Tuesday, October 23, 2012

Laurance S. Rockefeller Preserve in Grand Teton National Park

Warren Buffet or Mark Zuckerberg or Oprah Winfrey or George Lucas or Larry Ellison or Bill Gates or Michael Bloomberg or Paul Allen or Jeff Bezos or Phil Knight or Charles Schwab or the Walton Family....perhaps one or two of them could follow the lead of Laurance S. Rockefeller and peel off a billion or two and buy up some pricey real estate adjacent to a national park or wilderness area, then donate it to the public trust and help fund trails and facilities for the enjoyment of all.  Why not?
                                                                   ----  Bill Schneider, from “Hiking Grand Teton National Park”

An overcast, drizzly day in Grand Teton National Park—what to do?  I consulted our hiking guide and chose the Laurance S. Rockefeller (LSR) Preserve in the southeast corner of the park for the day’s adventure.  

          What makes the Laurance S. Rockefeller Preserve so special?  These 1100 acres within the national park boundaries were owned by the Rockefeller family and used as a dude ranch and private retreat for 70 years.  In 2001 ninety-one year-old Laurance donated the property to the national park service to be returned to its natural state and added to the treasures of Grand Teton National Park.  
Think about it.  Instead of selling off to developers and making tens of millions of dollars, or leaving it to his daughters or son to use for their own exclusive getaways, Mr. Rockefeller donated his ranch to the park system, along with funds for creating a world-class wildlife and natural area preserve.  Thirty ranch buildings, utilities and roads were removed to return the land to a pristine state.  

The LSR preserve contains prime bear habitat.
The aspen trunk on the right shows old bear claw scars.

This black bear was spotted outside the
preserve's entrance.  He's eating his fill of huckleberries
to prepare for his long winter's nap.

          We walked the 2.9 mile loop trail to Phelps Lake; the trail winds through a pine and aspen forest and crosses Lake Creek several times.  Low clouds cloaked the high mountain peaks when we reached the lake, but the calm water, sighing trees, and lack of people made for a striking scene.  

Lake Creek

          The preserve opened in 2008 and today it’s a showcase of impeccable trails and of an astounding variety of plants and animals.  Bear, small animals and birds abound.  Benches on the lakeshore encourage you to sit and stay for awhile—to contemplate the beauty and serenity of the preserve and to thank Mr. Rockefeller for this amazing gift to the American people and to the natural world.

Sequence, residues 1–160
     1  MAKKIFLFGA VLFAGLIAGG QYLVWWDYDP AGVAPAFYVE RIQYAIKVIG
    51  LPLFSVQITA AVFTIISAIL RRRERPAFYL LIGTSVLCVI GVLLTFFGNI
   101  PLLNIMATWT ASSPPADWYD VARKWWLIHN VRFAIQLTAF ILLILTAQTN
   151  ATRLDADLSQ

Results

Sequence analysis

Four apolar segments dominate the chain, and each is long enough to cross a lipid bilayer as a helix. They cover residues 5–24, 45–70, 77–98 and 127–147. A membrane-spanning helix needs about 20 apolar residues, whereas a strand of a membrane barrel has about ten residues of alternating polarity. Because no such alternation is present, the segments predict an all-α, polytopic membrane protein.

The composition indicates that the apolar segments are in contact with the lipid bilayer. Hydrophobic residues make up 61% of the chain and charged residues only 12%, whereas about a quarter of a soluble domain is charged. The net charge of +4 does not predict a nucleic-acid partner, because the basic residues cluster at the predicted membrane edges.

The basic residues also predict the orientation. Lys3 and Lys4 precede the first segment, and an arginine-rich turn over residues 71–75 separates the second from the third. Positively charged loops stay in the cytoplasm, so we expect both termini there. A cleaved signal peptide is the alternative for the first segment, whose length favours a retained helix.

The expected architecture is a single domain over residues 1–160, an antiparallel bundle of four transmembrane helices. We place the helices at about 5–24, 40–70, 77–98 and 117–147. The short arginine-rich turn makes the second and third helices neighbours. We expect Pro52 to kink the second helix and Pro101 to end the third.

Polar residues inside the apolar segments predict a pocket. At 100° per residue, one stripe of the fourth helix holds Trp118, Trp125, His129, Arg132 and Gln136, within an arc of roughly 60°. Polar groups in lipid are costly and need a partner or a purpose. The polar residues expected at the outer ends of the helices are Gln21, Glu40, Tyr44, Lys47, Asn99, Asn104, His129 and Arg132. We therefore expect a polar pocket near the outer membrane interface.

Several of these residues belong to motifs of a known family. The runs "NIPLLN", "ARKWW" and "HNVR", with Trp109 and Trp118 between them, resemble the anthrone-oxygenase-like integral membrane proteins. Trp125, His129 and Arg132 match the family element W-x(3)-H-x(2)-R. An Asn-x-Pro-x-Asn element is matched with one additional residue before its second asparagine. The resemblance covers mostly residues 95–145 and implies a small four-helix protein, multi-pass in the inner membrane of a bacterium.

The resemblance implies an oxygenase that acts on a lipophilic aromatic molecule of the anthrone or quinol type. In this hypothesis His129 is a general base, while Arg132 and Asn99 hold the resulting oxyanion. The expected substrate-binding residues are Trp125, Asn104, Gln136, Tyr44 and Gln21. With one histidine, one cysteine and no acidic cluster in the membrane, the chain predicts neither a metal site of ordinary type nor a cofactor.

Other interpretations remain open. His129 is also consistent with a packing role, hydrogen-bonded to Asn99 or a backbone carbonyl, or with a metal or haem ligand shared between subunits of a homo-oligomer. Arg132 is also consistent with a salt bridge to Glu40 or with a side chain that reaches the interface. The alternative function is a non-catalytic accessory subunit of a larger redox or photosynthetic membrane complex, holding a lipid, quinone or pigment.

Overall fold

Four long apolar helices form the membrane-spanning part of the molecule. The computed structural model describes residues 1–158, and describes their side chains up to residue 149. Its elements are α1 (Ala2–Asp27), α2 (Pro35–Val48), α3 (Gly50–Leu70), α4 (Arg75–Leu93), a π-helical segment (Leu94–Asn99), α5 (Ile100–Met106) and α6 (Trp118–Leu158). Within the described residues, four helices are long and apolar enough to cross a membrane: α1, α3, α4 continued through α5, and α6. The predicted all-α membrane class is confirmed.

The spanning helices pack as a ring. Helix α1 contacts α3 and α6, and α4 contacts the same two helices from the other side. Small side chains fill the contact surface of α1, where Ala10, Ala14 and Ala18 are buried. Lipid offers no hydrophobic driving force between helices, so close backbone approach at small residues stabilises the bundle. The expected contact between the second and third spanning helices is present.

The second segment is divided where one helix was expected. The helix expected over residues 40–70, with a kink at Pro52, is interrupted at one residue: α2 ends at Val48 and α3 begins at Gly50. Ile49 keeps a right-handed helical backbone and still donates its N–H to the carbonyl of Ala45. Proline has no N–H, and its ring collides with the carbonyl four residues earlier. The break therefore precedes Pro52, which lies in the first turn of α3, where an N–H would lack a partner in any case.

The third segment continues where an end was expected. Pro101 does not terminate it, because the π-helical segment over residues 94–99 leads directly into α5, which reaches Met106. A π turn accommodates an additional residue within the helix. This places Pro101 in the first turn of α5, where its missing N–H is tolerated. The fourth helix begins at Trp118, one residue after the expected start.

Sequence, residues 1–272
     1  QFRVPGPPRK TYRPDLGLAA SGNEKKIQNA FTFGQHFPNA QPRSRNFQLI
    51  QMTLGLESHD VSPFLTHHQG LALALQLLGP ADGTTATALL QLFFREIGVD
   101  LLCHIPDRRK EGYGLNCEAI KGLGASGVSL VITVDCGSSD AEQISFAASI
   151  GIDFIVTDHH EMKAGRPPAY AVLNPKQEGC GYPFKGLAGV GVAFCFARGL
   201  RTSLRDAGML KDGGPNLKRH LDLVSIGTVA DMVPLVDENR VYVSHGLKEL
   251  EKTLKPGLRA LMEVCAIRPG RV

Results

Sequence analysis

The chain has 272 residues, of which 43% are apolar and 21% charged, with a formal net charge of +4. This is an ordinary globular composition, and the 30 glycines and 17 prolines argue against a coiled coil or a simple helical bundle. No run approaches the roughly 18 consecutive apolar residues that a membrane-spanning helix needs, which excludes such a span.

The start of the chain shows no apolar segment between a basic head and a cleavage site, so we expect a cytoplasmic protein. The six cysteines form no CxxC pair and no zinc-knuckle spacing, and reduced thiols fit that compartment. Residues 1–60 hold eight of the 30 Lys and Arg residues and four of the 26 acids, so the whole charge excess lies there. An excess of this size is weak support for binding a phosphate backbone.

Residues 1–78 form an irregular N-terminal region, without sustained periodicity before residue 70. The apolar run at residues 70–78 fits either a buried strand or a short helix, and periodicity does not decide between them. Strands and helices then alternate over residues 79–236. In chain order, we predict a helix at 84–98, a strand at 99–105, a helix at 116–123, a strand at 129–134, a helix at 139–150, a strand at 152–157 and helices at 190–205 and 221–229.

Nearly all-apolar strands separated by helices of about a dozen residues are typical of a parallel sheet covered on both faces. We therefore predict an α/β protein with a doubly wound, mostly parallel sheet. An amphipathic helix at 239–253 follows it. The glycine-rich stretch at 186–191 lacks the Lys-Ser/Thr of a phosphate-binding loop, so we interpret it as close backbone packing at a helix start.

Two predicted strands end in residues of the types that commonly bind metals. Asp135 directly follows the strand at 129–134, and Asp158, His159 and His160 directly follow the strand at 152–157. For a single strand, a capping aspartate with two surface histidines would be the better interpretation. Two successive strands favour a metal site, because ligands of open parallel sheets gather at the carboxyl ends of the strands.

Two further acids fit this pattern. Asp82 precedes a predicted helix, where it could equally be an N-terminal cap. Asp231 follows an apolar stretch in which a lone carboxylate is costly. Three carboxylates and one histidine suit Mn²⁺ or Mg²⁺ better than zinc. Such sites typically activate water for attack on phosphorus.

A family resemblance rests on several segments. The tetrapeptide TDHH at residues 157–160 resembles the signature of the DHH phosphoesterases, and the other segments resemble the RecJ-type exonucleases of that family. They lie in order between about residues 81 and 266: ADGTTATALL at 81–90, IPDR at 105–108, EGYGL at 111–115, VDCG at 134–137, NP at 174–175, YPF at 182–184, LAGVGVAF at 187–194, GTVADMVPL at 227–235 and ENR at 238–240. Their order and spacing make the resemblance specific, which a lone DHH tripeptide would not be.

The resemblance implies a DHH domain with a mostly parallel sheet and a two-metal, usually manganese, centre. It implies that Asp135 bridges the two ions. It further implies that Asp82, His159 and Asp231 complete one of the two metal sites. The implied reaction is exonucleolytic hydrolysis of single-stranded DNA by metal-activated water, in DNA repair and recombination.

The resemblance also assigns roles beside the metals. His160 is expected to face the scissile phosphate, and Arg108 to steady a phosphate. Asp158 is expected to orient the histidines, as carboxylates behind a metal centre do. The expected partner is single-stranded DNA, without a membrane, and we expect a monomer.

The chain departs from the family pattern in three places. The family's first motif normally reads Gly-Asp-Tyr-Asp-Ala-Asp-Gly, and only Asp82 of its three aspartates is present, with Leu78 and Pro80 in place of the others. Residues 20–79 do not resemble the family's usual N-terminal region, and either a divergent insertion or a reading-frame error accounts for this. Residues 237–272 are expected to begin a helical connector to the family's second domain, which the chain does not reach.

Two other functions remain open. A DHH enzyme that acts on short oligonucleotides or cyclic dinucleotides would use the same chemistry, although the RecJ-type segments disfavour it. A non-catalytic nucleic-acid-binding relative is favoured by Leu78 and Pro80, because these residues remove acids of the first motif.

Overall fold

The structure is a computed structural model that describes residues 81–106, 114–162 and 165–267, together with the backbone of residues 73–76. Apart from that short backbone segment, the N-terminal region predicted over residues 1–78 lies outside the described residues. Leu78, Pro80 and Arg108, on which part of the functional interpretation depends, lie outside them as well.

Tim soaks in the view across Phelps Lake.


  1. What a great example of a gift that provides an enduring legacy! And what a beautiful nature preserve - despite the drizzle, you manage to bring back beautiful photographs yet again!

    Hope the skies cleared for the rest of your trip! Thanks for sharing these exquisite views of this corner of Grand Teton park.

    1. I can unequivocally state that the Tetons are beautiful—even in the rain—as we had three days of drizzly weather on this trip.

      Pictures from the clear-sky day will be coming soon!

      As always, thanks for commenting, Vickie!

  2. Hi Rita,

    As I know you know, being at a place as extraordinary as the Grand Teton National Park is special, and it really doesn't matter if the weather is drizzly or sunny. There is still a plethora of beauty and magic, regardless of the weather conditions.

    It's so uplifting to read about generous and thoughtful people like Laurance S. Rockefeller who donate portions of their fortunes for the good of the general public.

    You might have read that just this week in 2012, hedge fund manager John A. Paulson announced a $100 million gift to the Central Park Conservancy in New York City. This gift is the largest monetary donation in the history of New York City’s park system, and possibly the nation’s! Central Park (in my opinion) cannot compare to the grandeur of Grand Teton. Nonetheless, it's terrific that such a generous donation was made to help preserve a resource that will provide exposure to nature to so many folks who might otherwise not have such an opportunity.


    1. You're right, John, about the plethora of beauty and magic in our national parks and other public lands—all the more reason to appreciate this marvelous gift by the Laurance Rockefeller family to the American people.

      I hadn't heard of the John Paulson gift of $100 million to the Central Park Conservancy. This is another example of a contribution that will leave a lasting legacy; Central Park is a one-of-a-kind place, an oasis of nature in one of the world's great cities. Kudos to Mr. Paulson!

      Thanks for your comments!